Critical sectors include, but are not limited to important agricultural products, important energy and resources, critical equipment manufacturing, important infrastructure, important transportation services, important cultural products and services, important information technology and Internet products and services, important financial services, key technology, or any other important field related to national security.

However, the acquisition of actual control of the target company by the foreign investor is only relevant for investments into critical sectors; investments into a sector related to China's national defense and security are always subject to the National Security Review.

Review Procedure

The Chinese National Security Review can be divided into four stages: (i) the consultation, (ii) the application, (iii) the general review and (iv) the special review.

Prior to the application for the National Security Review, the parties to a foreign investment may consult with the WMO on an informal basis to seek guidance and/or clarify any open issues. Upon receipt of the formal application, the WMO will review the application and decide within 15 working days whether to initiate a formal review proceeding. In the case a general review is initiated, the WMO must decide within another 30 working days whether to open a special review because the investment affects or may affect China's national security. In case a special review is initiated, the WMO has another 60 working days to render its final decision.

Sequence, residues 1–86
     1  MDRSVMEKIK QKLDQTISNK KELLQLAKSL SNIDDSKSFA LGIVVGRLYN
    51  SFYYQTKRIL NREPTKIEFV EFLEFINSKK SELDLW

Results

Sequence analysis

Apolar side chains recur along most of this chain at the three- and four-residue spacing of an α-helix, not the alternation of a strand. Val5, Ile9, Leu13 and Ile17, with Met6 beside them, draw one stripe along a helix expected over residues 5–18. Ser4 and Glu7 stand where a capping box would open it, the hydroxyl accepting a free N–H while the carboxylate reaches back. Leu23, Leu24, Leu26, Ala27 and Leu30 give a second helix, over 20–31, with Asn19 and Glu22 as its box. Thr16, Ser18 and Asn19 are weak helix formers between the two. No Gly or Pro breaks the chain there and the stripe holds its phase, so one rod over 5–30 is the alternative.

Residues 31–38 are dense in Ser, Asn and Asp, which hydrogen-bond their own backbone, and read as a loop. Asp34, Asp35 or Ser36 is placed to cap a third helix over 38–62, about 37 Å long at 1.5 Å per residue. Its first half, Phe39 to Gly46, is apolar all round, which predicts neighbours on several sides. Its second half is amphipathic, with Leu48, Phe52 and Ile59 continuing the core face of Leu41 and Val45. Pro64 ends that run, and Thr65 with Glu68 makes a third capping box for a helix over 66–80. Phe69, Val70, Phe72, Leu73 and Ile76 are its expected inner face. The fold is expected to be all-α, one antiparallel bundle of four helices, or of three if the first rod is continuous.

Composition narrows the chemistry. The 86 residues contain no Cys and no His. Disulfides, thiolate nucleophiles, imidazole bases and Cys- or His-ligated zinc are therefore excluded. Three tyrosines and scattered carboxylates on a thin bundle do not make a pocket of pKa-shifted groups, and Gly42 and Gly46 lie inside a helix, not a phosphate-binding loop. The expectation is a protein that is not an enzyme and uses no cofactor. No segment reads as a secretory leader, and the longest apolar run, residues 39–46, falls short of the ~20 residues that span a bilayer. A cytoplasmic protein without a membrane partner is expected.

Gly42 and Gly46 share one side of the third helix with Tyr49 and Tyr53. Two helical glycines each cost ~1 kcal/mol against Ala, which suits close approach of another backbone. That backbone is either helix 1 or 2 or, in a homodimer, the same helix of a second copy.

The WMO may extend the review period due to special circumstances or request the parties to further supplement their application while suspending the review period until submission of the requested documentation. However, there is no time limit or statute of limitation applicable to the National Security Review.

If an investment subject to the National Security Review has not been reported, the WMO may request the parties to follow up on their notification obligation. Once a National Security Review is applied for or initiated, the consummation (closing) of the investment is prohibited.

Review Standard

The Measures for Security Review of Foreign Investments do not stipulate any clear review standard. Therefore, the WMO is given broad discretionary powers in deciding whether China's National Security is affected by the foreign investment.

The WMO may clear an investment, attach conditions to a clearance or, if the parties cannot remedy the national security concerns, eventually prohibit the investment. The decision is final and without recourse to ordinary courts.

Non-compliance

Non-compliance can result in the unwinding of the investment (i. e. disposal of equity interests or assets and the reinstation of the status quo ante), the revocation of approvals, penalties, or a negative credit record in China's credit information system. Thus, China's National Security Review should be considered at an early stage of the investment plan.

If it is unclear whether an investment might fall into any of the listed categories (military and defence or critical sector), a foreign investor should contact the local NDRC branch on an informal basis and ask for guidance.

Foreign investors should be aware that third parties can propose a National Security Review to the WMO if they believe that China's national security is or may be affected by a Foreign Investment.